Digital Art High School Lesson: Recycling Prior Projects Using Photoshop

Digital Art High School Lesson: Recycling Prior Projects Using Photoshop
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Students will scan or photograph their old artwork and use basic Photoshop elements to create new digital works of art with their scanned pieces.


  • Discarded artwork
  • Scanner (or digital camera if scanner is unavailable)
  • Flash disks or connection cables (to connect cameras or phones to computer)
  • Desktop computers or laptops
  • Photoshop or similar photo editing program
  • Access to printer if desired

Preparation note: Prior to this lesson, students should have samples of old artwork they would like to use for this activity.


Recycled Digital Art

Editing Digital Art

Lesson Procedure

Step One: Introduction to Activity

Introduce students to examples of digital art in which the artist has incorporated original paintings (a quick online search of these terms will give you many examples from which to choose, or you may choose to provide self-created samples).

Lead a discussion with students as to how the incorporated elements add to the overall effect of the digital work, and discuss different possibilities for modifying their works digitally. Ideas might include altering colors, contrast, textures, cropping, layering, adding multiple elements from different paintings, adding text or distorting or filtering objects for effect.

Step Two: Scanning/ Photographing work

Using scanners or digital cameras (most smartphone cameras will work as well on high-resolution settings), students will scan or photograph and save their original artworks as digital files. If possible, scanners should be set on high resolution (300 dpi minimum) for best results (resolution can also be adjusted in Photoshop if needed). If there is time, encourage students to crop their artwork so it is ready to copy and paste into a new piece before beginning the next phase of the lesson.

Step Three: Creating Digital Piece of Art

Note: Because this is a basic lesson using Photoshop, adjust for student skill and comfort level. Students who are comfortable using Photoshop should be given the option of moving ahead on their own as needed or assisting other students who are not familiar with the program. You can also use Adobe Image Ready if students will not be printing their work, as it contains fewer options than Photoshop and may therefore be less confusing.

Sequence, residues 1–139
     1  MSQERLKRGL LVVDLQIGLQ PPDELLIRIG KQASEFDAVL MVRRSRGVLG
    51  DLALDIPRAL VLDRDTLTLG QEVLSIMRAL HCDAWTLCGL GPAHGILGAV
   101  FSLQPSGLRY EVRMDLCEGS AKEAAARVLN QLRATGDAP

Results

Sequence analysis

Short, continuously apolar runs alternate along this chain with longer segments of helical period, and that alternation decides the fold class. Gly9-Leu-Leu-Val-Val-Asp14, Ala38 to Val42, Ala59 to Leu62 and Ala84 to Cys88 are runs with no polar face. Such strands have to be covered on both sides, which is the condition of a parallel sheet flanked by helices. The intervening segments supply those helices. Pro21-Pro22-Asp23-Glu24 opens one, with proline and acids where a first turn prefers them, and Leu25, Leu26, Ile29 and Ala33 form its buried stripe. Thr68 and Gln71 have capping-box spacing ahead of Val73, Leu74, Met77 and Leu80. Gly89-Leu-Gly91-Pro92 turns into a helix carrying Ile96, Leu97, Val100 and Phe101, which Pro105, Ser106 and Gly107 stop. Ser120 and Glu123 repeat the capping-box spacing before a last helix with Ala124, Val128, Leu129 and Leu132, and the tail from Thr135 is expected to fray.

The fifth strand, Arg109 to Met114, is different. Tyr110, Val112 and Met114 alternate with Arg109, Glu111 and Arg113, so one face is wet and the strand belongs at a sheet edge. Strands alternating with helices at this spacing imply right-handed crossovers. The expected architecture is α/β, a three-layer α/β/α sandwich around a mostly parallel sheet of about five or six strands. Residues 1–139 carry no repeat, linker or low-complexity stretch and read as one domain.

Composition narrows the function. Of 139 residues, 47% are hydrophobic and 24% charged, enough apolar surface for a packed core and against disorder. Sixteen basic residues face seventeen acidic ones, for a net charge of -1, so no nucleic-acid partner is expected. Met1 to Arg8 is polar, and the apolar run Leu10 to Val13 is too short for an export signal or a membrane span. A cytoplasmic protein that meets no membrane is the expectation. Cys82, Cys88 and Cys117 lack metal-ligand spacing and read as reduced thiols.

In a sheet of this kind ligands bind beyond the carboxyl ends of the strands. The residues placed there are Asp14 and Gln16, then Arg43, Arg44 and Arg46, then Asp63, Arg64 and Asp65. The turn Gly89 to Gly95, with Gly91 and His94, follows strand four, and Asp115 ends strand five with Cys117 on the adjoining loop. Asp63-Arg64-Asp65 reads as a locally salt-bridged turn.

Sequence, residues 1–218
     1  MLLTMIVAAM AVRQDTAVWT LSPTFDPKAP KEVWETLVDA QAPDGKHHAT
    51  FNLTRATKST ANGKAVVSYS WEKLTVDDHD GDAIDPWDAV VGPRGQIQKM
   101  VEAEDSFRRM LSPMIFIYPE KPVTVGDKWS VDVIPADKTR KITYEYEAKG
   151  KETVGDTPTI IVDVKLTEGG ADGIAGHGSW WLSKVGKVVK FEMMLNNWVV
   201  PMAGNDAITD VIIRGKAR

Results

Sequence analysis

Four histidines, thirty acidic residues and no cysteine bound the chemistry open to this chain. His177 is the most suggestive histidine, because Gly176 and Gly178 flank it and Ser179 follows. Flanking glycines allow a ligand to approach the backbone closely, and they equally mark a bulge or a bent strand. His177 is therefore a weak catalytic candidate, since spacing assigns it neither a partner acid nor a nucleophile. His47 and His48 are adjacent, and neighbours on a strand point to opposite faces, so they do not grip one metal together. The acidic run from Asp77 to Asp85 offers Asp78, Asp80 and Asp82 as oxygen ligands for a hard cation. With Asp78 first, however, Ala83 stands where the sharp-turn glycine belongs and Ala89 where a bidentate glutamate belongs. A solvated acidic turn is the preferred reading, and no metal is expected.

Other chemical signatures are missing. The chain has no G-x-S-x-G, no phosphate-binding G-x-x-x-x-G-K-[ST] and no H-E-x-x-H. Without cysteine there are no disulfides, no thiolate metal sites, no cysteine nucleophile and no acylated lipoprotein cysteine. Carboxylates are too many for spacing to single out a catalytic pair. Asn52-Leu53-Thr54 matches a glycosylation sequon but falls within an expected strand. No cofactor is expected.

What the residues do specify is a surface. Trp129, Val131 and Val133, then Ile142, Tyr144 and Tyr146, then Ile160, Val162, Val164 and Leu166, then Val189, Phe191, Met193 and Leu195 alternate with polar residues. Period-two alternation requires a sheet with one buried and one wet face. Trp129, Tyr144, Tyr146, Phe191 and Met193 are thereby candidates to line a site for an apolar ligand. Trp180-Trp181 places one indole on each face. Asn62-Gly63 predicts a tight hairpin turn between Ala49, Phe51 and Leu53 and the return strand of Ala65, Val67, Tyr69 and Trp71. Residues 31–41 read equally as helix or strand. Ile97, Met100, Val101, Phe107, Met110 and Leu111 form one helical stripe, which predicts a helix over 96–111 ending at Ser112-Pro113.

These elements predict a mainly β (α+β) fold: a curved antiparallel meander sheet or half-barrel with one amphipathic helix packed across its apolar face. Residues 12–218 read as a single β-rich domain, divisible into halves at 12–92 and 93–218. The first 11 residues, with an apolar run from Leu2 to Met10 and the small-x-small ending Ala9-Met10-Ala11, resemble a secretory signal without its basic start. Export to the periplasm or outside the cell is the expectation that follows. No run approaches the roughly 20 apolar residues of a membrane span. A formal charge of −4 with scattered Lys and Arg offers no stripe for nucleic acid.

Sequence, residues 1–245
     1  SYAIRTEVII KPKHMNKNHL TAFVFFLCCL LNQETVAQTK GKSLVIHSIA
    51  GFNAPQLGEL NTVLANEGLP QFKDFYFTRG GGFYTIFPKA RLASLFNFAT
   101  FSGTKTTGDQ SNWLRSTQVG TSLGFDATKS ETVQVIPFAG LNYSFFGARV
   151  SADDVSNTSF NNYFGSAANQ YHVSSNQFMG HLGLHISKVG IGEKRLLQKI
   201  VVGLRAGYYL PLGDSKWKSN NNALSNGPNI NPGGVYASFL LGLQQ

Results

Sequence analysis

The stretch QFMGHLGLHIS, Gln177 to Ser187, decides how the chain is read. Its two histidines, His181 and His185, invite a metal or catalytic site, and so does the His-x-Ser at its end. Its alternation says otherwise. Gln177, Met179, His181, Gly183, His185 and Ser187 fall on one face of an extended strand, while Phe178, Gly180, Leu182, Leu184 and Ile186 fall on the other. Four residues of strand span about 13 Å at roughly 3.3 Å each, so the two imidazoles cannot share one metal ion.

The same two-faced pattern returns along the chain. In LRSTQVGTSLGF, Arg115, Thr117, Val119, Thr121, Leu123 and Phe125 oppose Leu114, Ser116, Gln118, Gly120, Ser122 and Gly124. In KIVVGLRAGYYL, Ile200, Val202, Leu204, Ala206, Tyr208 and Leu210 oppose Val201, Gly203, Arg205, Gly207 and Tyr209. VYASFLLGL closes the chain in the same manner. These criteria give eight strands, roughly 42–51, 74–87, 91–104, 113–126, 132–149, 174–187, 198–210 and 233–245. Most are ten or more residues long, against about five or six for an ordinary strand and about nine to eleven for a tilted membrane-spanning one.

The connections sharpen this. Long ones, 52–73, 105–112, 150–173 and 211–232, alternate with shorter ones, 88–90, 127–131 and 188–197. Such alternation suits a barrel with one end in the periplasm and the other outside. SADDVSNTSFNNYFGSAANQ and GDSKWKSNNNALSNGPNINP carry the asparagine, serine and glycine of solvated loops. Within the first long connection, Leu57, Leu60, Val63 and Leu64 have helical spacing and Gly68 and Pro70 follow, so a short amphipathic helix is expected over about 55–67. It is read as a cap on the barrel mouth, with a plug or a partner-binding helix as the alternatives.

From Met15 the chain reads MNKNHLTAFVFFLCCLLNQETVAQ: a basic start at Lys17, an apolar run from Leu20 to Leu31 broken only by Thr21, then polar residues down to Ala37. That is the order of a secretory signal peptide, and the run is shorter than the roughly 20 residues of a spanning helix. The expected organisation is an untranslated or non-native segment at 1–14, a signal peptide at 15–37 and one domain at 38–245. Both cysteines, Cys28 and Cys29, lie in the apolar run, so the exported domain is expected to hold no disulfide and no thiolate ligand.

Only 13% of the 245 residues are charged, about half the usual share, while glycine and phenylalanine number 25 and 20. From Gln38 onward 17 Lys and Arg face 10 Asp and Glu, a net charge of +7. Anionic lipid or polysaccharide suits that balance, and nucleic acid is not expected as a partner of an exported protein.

To keep the lesson basic, students should begin by opening a larger, cropped piece to use as the basis for their artwork. This can be a complete scene or a background texture, but should give students a basic “canvas” with which to begin their works.

Depending on skill levels of students, you may wish to walk students through the basic functions of Photoshop on a demo piece or walk students through adjusting their works to see the different effects. The following is a good order for guiding students as they create their works:

1) Image Menu: Start by duplicating the image (always a good idea, so you can keep original for future use if you want to delete your work). From there, students can use the Image menu to and select “adjust” to work with brightness, contrast, size and resolution, and hue saturation. For beginners, teacher should encourage students to stick to basic adjustments, rather than getting into advanced details.

(Students should be reminded to save their work as they go!)

2) Filter Menu: Students can play with different filters to add artistic touches to their images. Remind students to proceed carefully and undo a change they dislike by going to the “Edit” menu and clicking “Undo.” Failure to undo changes before making additional changes will make it difficult to remove them later. Students should also be encouraged to use “Save a copy” under the “File” menu to keep multiple copies of their work as they go, so they can go back to earlier versions if needed.

3) Tools: Students can use tools such as the eraser, text boxes and paintbrushes to add finishing touches to their work.


Students submit digital copies of their pieces to the teacher for assessment.


You may want to provide a method for students to view each other’s creations, such as a slideshow, class blog or on the school’s social networking pages.